The Talking Lion

Wednesday, June 01, 2005

Be very very quiet, I'm hunting civil liberties

Today's lead edit in the New York Times left me frustrated, but not surprised.

You see back when the Patriot Act was passed in the aftermath of 9/11, many of the provisions had "sunset clauses" which put a time limit on how long the many of the sections of the bill. Now that these provisions are about to expire, Congress is considering renewing them and/or making them permanent. According to the NYT,
Now that opportunity is here, and far from removing obvious threats to
civil liberties in the law, the White House and eager Senate Republicans seem
bent on making it worse. Citizens who want to keep an eye on the process will
have no easy task. The most crucial debates of the Senate Intelligence Committee are being kept closed to the public.

Apparently, Senators love irony. The whole frustration with the first Patriot Act was the fact that it was passed so quickly before there could be any sort of real debate on the provisions. So now, four years later, after many Congressmen have turned against the Patriot Act after taking a closer look, the Senate is going to try and quietly sneak this through and hope that nobody notices. This is beyond an outrage. This is flat out insulting.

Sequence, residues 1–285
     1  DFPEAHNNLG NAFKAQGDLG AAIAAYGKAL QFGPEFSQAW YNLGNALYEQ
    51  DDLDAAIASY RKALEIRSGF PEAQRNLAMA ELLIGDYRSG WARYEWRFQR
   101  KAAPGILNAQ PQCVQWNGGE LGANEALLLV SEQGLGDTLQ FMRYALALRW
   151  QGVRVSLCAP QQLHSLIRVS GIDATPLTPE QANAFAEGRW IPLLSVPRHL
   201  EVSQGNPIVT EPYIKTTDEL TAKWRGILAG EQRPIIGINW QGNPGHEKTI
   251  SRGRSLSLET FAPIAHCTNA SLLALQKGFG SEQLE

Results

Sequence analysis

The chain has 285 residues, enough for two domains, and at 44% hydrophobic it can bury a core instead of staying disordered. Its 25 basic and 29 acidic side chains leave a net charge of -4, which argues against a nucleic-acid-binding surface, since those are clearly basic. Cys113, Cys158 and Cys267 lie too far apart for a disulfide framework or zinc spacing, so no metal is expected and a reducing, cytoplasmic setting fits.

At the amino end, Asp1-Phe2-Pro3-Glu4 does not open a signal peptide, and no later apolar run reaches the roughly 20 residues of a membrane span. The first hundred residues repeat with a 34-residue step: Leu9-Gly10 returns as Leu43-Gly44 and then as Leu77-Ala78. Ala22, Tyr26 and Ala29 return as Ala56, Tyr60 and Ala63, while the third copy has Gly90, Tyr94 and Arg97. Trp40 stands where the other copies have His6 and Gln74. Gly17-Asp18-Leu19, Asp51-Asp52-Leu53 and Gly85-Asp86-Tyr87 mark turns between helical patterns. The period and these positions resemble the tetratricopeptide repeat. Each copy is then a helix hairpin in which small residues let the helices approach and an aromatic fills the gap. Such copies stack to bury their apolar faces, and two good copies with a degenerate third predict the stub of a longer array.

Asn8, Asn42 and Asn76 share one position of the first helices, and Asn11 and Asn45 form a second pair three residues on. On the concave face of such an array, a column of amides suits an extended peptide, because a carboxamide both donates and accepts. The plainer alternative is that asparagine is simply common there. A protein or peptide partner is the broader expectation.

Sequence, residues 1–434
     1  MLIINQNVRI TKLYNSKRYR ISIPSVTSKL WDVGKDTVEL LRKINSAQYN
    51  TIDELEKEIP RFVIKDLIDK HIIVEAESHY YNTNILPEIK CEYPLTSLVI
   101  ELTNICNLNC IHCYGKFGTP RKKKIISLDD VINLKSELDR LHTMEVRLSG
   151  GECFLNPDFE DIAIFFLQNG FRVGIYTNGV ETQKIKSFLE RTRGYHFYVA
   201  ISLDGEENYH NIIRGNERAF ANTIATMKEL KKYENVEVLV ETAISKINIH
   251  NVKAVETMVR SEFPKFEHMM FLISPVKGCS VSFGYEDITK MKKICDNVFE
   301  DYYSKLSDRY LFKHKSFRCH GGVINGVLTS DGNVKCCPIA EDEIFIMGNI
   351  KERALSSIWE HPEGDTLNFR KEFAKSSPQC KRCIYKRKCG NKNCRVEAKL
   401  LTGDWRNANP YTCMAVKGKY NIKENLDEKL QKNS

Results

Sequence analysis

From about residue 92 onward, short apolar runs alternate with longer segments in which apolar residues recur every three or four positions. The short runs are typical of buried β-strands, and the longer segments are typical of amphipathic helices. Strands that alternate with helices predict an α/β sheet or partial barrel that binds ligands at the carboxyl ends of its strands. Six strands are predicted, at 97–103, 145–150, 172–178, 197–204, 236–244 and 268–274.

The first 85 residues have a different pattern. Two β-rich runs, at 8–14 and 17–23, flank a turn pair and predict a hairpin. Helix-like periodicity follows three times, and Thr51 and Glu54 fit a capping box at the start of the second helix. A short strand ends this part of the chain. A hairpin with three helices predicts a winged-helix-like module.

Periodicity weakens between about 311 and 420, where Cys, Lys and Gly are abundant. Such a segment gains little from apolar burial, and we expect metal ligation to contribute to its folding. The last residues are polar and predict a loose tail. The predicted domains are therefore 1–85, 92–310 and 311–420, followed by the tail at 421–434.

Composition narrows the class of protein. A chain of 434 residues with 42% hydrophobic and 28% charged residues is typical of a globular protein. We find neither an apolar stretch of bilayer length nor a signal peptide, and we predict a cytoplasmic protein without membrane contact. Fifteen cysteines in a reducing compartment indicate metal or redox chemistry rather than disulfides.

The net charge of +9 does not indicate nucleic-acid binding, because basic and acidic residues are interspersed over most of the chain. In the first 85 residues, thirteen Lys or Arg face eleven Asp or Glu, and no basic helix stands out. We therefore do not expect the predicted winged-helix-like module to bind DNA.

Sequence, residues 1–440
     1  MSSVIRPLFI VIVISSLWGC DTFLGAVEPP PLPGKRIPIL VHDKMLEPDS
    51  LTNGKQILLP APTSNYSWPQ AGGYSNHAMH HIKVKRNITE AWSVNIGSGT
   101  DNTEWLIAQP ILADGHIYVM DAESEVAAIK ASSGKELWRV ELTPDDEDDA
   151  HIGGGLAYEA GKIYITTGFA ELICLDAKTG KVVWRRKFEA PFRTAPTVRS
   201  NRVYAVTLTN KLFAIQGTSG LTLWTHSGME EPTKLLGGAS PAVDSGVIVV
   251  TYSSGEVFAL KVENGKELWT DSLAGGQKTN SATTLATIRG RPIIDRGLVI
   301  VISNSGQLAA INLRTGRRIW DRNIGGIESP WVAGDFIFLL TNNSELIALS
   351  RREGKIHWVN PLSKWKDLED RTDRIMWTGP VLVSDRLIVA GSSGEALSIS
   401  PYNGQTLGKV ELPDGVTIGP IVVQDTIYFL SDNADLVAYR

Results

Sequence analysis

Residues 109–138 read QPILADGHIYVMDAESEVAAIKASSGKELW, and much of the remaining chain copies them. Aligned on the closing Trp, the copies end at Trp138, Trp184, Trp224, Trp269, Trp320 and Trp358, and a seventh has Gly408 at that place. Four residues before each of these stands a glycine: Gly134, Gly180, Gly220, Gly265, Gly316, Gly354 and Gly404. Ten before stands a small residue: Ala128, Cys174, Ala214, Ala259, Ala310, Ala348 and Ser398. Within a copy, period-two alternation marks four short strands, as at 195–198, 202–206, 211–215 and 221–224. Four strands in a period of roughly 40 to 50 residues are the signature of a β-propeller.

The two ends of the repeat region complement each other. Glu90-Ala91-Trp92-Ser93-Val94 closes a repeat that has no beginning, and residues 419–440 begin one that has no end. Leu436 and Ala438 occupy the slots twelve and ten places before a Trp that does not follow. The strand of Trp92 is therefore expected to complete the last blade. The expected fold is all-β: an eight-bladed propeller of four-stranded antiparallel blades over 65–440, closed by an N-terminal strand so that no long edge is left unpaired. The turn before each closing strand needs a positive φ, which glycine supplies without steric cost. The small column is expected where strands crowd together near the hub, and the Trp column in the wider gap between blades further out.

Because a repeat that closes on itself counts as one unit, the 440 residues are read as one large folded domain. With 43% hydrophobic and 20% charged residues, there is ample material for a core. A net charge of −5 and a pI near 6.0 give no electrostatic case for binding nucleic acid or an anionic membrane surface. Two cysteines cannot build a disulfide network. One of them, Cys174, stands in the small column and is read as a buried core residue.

Considering what happened with the originial Patriot act, the public has a right to know what's going on, which Senators are saying what and how these lawmakers came to their decisions. Every single citizen should receive a transcript of these hearings and the rest of the deabte/deliberations concerning what happened with this act the first time around.

I just hope people raise a fuss about this. And I hope this kind of thing makes it to the front page of the NYT in the form of a news story instead of the Lead Editorial on page A22.

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